“It should be clear by now that a nation can be no stronger abroad than she is at home. Only an America which practices what it preaches about equal rights and social justice will be respected by those whose choice affects our future. Only an America which has fully educated its citizens is fully capable of tackling the complex problems and perceiving the hidden dangers of the world in which we live.”
This passage is from President John F. Kennedy’s “Unspoken Speech,” the speech he was on his way to deliver at the Dallas Citizens Council’s annual meeting when he was assassinated on November 22, 1963.
I was a brand-new law school graduate in my first months of work with the NAACP Legal Defense and Education Fund on that fateful November day 60 years ago. I had begun the day in a rural Georgia prison visiting a young Black male death row client accused of killing a white farmer, and then returned to Atlanta, where I was sitting in a courthouse library researching how many Blacks and whites had been executed in Georgia’s history when a white man burst in grinning and shouting loudly, “Hot damn, they got him!” It took me a moment to realize he was talking about President Kennedy. I rushed with others to the nearest television set to see the news and could barely get away quickly enough from the hateful glee of some of the white citizens surrounding me. The memory of their celebration still makes me sick.
I met President Kennedy only once, in the summer of 1961 after my first year of law school, when I and many other young leaders participating in Crossroads Africa, a precursor to the Peace Corps, gathered on the White House lawn to hear him and Crossroads Africa’s visionary leader Reverend James Robinson give us a sendoff to a summer of service in Africa. So much of the deep lingering sadness over President Kennedy’s assassination is about the unfinished promise—unspoken speeches, unfulfilled hopes, the wondering about what might have been. So many Americans felt inspired to do more and be better by the youthful optimism and challenges of the young President’s words, only to find him so incomprehensibly and suddenly silenced by violence and hate.
Although the kind of venom I witnessed in Atlanta surrounding his death was stunning, many Black Americans felt his loss especially deeply because it was hostility we recognized and had often felt in our daily lives in the segregated South. When President Kennedy was elected, many of us were especially hopeful that he would move the country in a new direction on civil rights. In an era dominated by the Cold War, movement inflection points like the Freedom Rides and the Birmingham nonviolent direct action campaign challenging racial apartheid in one of America’s toughest Southern cities initially seemed as if they might be considered a worrisome distraction to the new administration. But President Kennedy grew as he saw the massive violent resistance to change from some Southern whites unfolding before him that would not go away and realized that the pent-up Black demand for freedom also would not go away. He responded to the movement’s persistent and sacrificial actions with passion and major action of his own.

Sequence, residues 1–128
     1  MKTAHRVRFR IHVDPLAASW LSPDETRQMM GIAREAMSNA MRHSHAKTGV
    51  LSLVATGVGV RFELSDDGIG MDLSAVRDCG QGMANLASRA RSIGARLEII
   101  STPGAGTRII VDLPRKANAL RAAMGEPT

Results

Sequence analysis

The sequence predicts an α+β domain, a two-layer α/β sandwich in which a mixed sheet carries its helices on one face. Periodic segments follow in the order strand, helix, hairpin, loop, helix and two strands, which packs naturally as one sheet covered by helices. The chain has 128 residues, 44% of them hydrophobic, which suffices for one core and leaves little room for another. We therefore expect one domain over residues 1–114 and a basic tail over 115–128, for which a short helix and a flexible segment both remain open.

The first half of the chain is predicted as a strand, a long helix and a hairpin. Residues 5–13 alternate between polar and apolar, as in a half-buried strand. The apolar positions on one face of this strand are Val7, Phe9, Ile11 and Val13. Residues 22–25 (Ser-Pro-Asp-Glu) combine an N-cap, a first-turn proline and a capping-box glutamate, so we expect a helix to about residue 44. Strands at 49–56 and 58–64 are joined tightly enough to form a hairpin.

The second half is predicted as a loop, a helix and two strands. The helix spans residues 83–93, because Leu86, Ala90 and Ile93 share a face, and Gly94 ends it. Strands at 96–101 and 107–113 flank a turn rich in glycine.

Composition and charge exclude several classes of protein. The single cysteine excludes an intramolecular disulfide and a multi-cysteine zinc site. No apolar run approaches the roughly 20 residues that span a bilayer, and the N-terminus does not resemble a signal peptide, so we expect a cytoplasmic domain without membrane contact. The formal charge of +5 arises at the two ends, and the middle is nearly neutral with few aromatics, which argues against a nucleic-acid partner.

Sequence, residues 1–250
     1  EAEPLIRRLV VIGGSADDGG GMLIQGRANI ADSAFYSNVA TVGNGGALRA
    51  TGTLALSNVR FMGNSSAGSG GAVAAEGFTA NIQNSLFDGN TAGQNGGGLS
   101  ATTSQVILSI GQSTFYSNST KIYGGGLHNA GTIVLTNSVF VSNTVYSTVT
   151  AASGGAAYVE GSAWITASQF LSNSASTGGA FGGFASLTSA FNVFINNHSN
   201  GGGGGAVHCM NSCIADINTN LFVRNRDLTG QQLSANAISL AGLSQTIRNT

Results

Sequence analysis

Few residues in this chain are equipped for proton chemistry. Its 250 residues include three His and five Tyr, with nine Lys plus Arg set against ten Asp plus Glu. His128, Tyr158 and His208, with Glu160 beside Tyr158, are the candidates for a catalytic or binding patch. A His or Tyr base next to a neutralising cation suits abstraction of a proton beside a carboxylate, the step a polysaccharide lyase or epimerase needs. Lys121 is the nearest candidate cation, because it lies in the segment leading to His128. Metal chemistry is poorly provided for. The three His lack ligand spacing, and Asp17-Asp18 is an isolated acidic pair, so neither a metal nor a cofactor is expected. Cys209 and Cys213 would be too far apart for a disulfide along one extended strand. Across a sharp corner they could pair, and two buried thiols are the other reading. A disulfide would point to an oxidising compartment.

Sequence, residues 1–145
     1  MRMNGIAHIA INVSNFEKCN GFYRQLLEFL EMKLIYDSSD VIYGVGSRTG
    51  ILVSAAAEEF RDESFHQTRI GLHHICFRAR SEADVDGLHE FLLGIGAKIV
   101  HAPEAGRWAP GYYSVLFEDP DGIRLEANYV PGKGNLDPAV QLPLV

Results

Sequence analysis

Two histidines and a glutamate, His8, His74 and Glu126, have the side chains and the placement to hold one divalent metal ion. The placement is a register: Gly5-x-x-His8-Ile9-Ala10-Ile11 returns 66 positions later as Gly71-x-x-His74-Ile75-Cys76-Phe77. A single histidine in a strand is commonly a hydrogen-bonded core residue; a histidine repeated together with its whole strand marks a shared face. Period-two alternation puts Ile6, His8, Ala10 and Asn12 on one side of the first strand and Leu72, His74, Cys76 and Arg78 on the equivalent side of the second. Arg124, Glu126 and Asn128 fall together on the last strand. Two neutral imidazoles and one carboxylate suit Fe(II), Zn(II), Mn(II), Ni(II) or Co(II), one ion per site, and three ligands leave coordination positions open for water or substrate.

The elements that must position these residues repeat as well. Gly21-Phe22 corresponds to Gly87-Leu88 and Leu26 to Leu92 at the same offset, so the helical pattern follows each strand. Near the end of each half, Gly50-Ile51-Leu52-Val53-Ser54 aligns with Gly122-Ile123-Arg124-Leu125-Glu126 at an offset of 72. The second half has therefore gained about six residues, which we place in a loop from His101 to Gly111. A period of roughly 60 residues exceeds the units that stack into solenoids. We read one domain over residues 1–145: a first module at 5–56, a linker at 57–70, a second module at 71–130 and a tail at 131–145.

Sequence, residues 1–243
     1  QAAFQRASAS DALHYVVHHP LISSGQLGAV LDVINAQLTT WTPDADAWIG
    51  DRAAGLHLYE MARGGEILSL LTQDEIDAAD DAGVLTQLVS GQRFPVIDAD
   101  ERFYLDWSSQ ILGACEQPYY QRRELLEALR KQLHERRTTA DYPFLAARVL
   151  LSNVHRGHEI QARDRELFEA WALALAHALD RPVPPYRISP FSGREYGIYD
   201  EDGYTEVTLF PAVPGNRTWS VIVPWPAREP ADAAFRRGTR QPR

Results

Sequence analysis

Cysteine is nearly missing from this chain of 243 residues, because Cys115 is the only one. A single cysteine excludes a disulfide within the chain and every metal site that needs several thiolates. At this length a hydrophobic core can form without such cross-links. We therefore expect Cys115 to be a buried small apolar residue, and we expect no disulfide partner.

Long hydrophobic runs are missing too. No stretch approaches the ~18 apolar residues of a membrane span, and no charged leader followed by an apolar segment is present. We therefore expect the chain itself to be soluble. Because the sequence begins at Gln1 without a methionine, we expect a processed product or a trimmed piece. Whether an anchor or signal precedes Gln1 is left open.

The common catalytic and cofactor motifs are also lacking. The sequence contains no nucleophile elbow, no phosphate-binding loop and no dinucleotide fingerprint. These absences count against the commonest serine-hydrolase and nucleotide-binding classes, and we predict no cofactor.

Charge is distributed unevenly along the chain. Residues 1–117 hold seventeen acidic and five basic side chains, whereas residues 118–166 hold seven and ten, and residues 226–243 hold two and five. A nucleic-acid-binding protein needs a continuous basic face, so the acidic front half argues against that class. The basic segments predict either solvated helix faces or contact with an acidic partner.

On June 11, 1963, President Kennedy made a nationally televised address introducing a landmark civil rights bill that he sent to Congress one week later. The eloquent speech once again inspired many Americans to share his vision that America could and must be better. His tragic death created a political climate that, combined with President Lyndon Johnson’s skillful political leadership, resulted in enactment of the Civil Rights Act of 1964 and the Voting Rights Act of 1965.
We have since seen that President Kennedy would not be the last leader or citizen who stood up for equal justice to be slain. His death and others that followed remind us that our dreams and commitment to justice cannot depend on a single leader or be destroyed if one, a few, or many are lost to acts of hate and violence. We must always ensure there is a critical mass of leaders and activists committed to nonviolence and racial and economic justice who will keep seeding and building transforming movements. When one leader passes many more must be ready to step up to the plate and keep working to ensure a more just America and world.
Sixty years later, the fight against intolerance, violence, and hatred in America is not over. But the message President Kennedy, Senator Robert Kennedy, Dr. Martin Luther King, Jr., and many others have given their lives to ensure is that America can and must live up to its promise. So I hope, as we remember a young President who told us to ask not what our country can do for us but what we can do for our country, that we will renew our commitment to working with children and young people today to build a just America where all of them are valued and enabled to achieve their God given potential regardless of the lottery of birth. And we must determine not to let our children and grandchildren have to fight again the same battles for the soul and future of America that earlier generations did. Our true remembrance to President Kennedy is in our actions to honor the unspoken words and finish the unfinished work.